Here’s the color key from the foreman’s clipboard:

          red         1
          orange      2
          yellow      3
          green       4
          blue        5
          purple      6

So our data set has some apples which are red, green, and yellow, and a bunch of bananas which are all yellow except one that is green.

It’s 9 AM.

A loud bell rings.

The conveyor belt starts turning, and fruit starts flowing in from outside.

But the factory is empty. All our factory workers are home learning to maintain fruit classifying robots and re-reading the primitive accumulation of wealth.

…and the first fruit rolls onto the classification machine.

What is this thing?

    Weight:  373g
    color:   1 (red)

We better write some software to handle that fruit before it rots!

How do we decide whether this unknown fruit is an apple or banana?

The K-nearest-neighbor approach is to calculate the distance between our unknown fruit and each of the known fruits and assume the “k” closest fruits are probably the same type of fruit.

Sort of like graphing all the fruits and drawing a circle around the “?”. Whatever is closest to it is probably the same kind of fruit.

                   Graph of Fruits
         380 |   AA      AA       
    weight   |   A?      A  A
         330 |       A    B B
             |           BB BB     
         280 |            
                 1   2   3   4   5   6              

        note: the question mark is the “unknown fruit”

Math is delicious

Before we can start with the KNN algorithm, we need to do a little math review. Remember good old pythagorus? a² + b² = c² right? If you’re comfortable with this, just skip to the next section.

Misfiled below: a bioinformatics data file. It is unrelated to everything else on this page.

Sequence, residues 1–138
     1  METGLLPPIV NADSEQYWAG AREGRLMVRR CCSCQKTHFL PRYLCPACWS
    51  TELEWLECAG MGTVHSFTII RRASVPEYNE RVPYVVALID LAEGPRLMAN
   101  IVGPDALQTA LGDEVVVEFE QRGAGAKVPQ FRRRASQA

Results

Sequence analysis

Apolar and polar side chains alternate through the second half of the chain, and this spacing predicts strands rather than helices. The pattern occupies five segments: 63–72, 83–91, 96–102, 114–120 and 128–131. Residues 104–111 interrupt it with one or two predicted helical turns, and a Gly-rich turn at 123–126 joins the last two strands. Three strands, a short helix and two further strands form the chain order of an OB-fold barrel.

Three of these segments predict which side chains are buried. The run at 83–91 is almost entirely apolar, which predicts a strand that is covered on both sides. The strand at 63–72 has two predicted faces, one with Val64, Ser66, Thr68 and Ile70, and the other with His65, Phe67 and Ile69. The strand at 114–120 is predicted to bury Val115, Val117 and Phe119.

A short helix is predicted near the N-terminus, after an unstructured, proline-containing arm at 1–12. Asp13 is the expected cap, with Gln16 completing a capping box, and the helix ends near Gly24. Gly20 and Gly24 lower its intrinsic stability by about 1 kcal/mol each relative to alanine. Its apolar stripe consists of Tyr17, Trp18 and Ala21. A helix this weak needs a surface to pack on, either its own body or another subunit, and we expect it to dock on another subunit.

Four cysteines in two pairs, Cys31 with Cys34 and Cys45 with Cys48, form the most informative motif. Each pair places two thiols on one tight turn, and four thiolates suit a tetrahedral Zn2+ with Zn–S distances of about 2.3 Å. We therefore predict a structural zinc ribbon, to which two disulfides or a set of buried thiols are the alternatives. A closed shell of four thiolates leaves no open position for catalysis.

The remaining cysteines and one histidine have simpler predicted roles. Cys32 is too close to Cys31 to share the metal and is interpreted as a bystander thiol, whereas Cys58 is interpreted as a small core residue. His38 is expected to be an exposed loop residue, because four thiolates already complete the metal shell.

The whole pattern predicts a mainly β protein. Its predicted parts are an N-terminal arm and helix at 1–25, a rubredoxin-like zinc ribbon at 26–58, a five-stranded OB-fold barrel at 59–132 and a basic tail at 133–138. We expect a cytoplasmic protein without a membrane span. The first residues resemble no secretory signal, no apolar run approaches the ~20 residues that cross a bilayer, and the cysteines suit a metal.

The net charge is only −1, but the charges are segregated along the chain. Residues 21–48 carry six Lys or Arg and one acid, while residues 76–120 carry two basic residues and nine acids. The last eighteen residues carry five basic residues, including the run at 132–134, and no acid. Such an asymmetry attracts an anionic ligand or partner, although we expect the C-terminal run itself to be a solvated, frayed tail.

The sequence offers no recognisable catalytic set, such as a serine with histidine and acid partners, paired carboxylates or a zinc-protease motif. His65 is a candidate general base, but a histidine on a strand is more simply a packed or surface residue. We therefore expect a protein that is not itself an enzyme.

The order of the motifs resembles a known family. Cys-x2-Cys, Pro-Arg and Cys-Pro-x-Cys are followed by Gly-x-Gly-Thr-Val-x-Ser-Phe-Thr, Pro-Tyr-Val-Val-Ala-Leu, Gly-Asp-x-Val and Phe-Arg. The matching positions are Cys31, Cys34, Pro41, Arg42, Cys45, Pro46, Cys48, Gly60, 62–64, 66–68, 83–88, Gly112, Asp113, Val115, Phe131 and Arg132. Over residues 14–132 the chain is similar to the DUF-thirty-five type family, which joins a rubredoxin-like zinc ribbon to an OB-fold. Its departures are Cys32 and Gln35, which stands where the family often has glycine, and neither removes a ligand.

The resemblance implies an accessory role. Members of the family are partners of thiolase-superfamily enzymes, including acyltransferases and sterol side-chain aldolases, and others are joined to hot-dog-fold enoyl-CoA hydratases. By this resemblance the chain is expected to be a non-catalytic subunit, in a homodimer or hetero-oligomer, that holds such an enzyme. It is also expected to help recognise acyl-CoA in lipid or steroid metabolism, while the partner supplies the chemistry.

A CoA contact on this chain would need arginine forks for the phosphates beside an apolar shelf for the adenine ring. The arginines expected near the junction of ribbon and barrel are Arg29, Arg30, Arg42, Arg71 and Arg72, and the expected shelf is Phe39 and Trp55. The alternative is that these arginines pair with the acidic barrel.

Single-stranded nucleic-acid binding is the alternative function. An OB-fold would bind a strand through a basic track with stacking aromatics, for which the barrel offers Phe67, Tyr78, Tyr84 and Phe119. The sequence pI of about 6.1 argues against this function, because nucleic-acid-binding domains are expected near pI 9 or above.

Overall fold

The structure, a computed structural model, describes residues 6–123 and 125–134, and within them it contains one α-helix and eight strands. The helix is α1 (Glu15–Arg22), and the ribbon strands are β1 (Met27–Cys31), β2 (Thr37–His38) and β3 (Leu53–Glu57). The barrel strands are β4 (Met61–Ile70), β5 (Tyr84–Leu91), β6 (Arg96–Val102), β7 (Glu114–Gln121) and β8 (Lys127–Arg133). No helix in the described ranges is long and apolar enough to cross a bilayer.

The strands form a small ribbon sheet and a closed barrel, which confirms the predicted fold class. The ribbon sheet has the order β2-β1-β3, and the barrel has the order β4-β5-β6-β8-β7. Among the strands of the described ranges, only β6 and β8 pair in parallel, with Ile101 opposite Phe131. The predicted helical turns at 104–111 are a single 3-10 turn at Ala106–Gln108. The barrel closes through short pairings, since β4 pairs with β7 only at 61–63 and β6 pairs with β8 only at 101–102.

If you don’t remember: this is the formula for calculating the hypotenous (see: the diagonal side) of a right triangle.

        | \
        |  \    
     7  |   \   ⟵  this side == (5**2 + 7**2) **0.5
        |    \   
           5    K

You could also say “longitude” instead of “height”, “latitude” instead of “width” and say you’re calculating the “distance“ from point “J“ to point “K”.

That part is crucial.

Well the real world isn’t 2D, it’d 3D, but I have great news! You can do this in 3D too. So now we can calculate distances in a 3D space the same way:

    a**2 + b**2 + c**2 == d**2


    d ==  (a**2 + b**2 + c**2) **0.5

aside: raising something to the .5 power (i.e., **0.5) is the same as taking the square root.

With KNN you can actually have as many dimensions as you want, but to keep it simple, we’ll just use 2.

OK, back to KNN

So this is what a function would look like that tells us the distance from our unknown fruit to one of the known fruits in our dataset

def distance(fruit1, fruit2):
    The args are iterables of the values in the table. 
    for example the args should look something like this:
    #         weight,  color
    fruit1 = [303,     3]  # Banana from the data set
    fruit2 = [373,     1]  # the unclassified fruit
    # first let's get the distance of each parameter
    a = fruit1[0] - fruit2[0]
    b = fruit1[1] - fruit2[1]
    # the distance from point A (fruit1) to point B (fruit2)
    c = (a**2 + b**2) **0.5
    return c

Here is the python representations of the stuff we’ve discussed so far:

# the unknown fruit from above
unknown_fruit = [373, 1]

# This is arbitrarily chosen for this example. Generally
# you need to play with this magic number to find what works
# best for your case.
k = 3

# here's the dataset as a python list…
dataset = [
  # weight, color, type
  [303, 3, "banana"],
  [370, 1, "apple"],
  [298, 3, "banana"],
  [277, 3, "banana"],
  [377, 4, "apple"],
  [299, 3, "banana"],
  [382, 1, "apple"],
  [374, 4, "apple"],
  [303, 4, "banana"],
  [309, 3, "banana"],
  [359, 1, "apple"],
  [366, 1, "apple"],
  [311, 3, "banana"],
  [302, 3, "banana"],
  [373, 4, "apple"],
  [305, 3, "banana"],
  [371, 3, "apple"],

…and with that being said, let’s sort the dataset using this function…

# using the distance() function from above, sort